Expulsion of American security firm could undermine withdrawal plans
Iraqi government restrictions on security contractor Blackwater USA could mean a range of complications for US involvement in the country--potentially even undermining current plans to remove some troops on the ground, reports the Wall Street Journal in a story by August Cole and Neil King, Jr.
After an incident on Sunday in which Blackwater security personnel killed Baghdad civilians during a fight with insurgents, the government of Iraq announced that it plans to deny the firm permission to continue operations.
"The incident may increase strains between the Bush administration and the government of Prime Minister Nouri al-Maliki," said the Journal. "The State Department relies heavily on Blackwater to guard its diplomatic compound within Iraq's Green Zone and also to provide security for U.S. diplomats as they travel around Iraq. The work often calls for Blackwater to draw on its fleet of armed helicopters, which give it an arsenal that other security contractors lack."
Coming at an "awkward time" for the White House, according to the Journal, the incident follows on the heels of an announcement last week that the US plans to withdraw as many as 30,000 troops by July.
"As the U.S. diminishes its military footprint," Cole and King write, "it is almost certain to rely more heavily on private-security companies to guard the tens of thousands of nonmilitary U.S. personnel working in Iraq."
"Security contractors, who are more lightly armed than their American military counterparts, play an important role protecting not just U.S. officials but also employees of the many companies working on rebuilding Iraq's infrastructure," continued the Journal."Blackwater is one of the largest security contractors in Iraq, with some 1,000 contractors there, most of them American. Picking up any slack should Blackwater's operations be interrupted or cease would be a tall order for rivals."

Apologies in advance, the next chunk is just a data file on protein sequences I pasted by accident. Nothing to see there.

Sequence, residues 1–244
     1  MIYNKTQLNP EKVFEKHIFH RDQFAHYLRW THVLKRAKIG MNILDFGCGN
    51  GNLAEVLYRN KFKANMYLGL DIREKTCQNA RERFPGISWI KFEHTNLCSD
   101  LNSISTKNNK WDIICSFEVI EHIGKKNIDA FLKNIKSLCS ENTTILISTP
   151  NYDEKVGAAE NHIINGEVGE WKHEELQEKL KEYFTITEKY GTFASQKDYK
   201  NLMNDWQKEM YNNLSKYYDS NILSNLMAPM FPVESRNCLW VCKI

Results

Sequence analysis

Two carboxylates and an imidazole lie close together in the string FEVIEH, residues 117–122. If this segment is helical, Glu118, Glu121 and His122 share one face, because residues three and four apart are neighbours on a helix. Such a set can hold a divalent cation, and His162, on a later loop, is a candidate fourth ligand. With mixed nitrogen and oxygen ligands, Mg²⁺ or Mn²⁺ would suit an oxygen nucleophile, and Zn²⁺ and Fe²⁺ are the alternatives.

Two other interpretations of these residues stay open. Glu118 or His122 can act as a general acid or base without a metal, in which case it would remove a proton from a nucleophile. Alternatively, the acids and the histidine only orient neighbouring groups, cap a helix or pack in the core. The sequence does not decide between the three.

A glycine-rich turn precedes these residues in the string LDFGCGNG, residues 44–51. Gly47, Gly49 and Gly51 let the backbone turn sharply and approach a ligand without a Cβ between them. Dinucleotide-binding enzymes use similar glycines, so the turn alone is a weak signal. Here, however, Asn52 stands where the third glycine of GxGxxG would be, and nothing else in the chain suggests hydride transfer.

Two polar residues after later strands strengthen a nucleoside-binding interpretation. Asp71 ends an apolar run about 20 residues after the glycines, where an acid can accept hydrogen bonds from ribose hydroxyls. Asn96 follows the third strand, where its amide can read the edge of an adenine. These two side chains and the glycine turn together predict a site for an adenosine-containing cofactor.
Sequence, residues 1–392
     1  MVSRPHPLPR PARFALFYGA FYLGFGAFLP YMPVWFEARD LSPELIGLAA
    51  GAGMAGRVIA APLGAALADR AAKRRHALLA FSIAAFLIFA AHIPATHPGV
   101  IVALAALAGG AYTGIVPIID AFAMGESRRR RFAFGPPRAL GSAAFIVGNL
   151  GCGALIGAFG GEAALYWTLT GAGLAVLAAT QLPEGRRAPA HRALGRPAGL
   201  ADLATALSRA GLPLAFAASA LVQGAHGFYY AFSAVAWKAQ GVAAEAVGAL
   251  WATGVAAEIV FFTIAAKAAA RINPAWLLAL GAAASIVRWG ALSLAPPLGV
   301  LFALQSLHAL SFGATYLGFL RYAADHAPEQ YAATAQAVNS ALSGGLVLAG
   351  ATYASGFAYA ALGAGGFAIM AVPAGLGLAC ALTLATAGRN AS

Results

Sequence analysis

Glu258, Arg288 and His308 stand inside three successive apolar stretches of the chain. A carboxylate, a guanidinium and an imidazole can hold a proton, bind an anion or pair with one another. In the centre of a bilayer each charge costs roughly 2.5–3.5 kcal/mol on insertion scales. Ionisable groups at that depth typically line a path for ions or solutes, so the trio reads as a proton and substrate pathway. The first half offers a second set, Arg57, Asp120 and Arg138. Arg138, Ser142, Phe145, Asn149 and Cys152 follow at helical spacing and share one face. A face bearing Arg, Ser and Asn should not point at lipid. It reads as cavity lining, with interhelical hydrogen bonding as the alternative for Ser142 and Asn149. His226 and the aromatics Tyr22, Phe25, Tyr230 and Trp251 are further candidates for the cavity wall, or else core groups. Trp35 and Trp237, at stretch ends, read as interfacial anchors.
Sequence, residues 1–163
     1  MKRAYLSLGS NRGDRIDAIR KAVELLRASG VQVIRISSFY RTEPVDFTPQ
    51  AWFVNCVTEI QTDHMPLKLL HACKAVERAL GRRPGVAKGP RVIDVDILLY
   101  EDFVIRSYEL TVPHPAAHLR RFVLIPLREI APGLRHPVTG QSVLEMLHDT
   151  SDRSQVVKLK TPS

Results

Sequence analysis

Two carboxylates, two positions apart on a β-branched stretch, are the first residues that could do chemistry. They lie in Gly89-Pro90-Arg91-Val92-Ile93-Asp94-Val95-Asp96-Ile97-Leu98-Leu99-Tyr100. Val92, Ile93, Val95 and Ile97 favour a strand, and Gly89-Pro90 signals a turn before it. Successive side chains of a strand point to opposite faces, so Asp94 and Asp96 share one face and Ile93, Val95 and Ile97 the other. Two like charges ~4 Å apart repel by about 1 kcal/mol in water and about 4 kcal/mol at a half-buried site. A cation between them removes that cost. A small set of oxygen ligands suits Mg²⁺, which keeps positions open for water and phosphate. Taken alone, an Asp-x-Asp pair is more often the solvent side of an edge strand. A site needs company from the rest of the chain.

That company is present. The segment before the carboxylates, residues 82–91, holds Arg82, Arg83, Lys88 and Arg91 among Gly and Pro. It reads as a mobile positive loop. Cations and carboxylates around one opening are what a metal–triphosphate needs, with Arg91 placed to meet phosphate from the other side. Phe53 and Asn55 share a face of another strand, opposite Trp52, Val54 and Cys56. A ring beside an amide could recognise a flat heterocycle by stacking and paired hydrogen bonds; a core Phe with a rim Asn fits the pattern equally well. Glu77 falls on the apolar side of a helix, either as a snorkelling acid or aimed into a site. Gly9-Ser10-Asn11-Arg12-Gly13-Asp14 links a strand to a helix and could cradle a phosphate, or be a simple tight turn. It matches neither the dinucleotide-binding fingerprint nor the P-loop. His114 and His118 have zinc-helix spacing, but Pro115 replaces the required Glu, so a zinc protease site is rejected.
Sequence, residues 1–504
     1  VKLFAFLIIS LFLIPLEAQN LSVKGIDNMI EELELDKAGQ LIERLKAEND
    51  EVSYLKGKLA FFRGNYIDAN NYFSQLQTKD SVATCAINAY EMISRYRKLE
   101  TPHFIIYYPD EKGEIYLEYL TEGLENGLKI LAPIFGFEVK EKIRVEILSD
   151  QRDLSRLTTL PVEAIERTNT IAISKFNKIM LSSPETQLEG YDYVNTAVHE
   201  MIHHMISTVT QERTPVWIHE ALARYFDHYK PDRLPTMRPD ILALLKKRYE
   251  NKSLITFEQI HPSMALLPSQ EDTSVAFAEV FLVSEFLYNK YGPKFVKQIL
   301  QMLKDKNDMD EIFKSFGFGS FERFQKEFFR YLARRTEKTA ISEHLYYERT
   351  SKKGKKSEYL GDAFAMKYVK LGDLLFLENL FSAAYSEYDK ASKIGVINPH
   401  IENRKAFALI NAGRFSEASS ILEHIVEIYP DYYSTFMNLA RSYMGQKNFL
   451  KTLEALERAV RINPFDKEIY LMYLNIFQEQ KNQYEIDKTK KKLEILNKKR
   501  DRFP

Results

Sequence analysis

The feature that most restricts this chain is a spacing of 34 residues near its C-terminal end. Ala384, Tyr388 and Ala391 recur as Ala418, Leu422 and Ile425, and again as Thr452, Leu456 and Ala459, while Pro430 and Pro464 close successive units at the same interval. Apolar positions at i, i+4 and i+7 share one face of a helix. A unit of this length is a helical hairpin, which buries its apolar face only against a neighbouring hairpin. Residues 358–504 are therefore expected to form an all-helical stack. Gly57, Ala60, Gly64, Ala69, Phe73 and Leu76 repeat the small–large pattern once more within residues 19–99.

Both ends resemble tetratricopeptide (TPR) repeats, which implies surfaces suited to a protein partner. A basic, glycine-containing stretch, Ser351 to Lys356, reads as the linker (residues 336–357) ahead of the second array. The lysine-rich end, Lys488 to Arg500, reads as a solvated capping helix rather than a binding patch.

"The reason there is such a strong business for personal security details is that the United States military and the Diplomatic Security Service don't have the manpower to fulfill the requirement," Ray DuBois, a former undersecretary of the Army, told the paper.
"We haven't received any official word on this. We have only seen this in the press," Blackwater spokeswoman Anne Tyrrell told the Journal, saying the company had yet receive word about its license from Iraq's Interior Ministry. Tyrell confirmed some guards were involved in the fight, although she denied reports that the firm's helicopters "opened fire."
"Iraq can be a very difficult place for our diplomats to operate in, and certainly people need to realize the environment in which our people operate," a spokesman for the State Department said last week.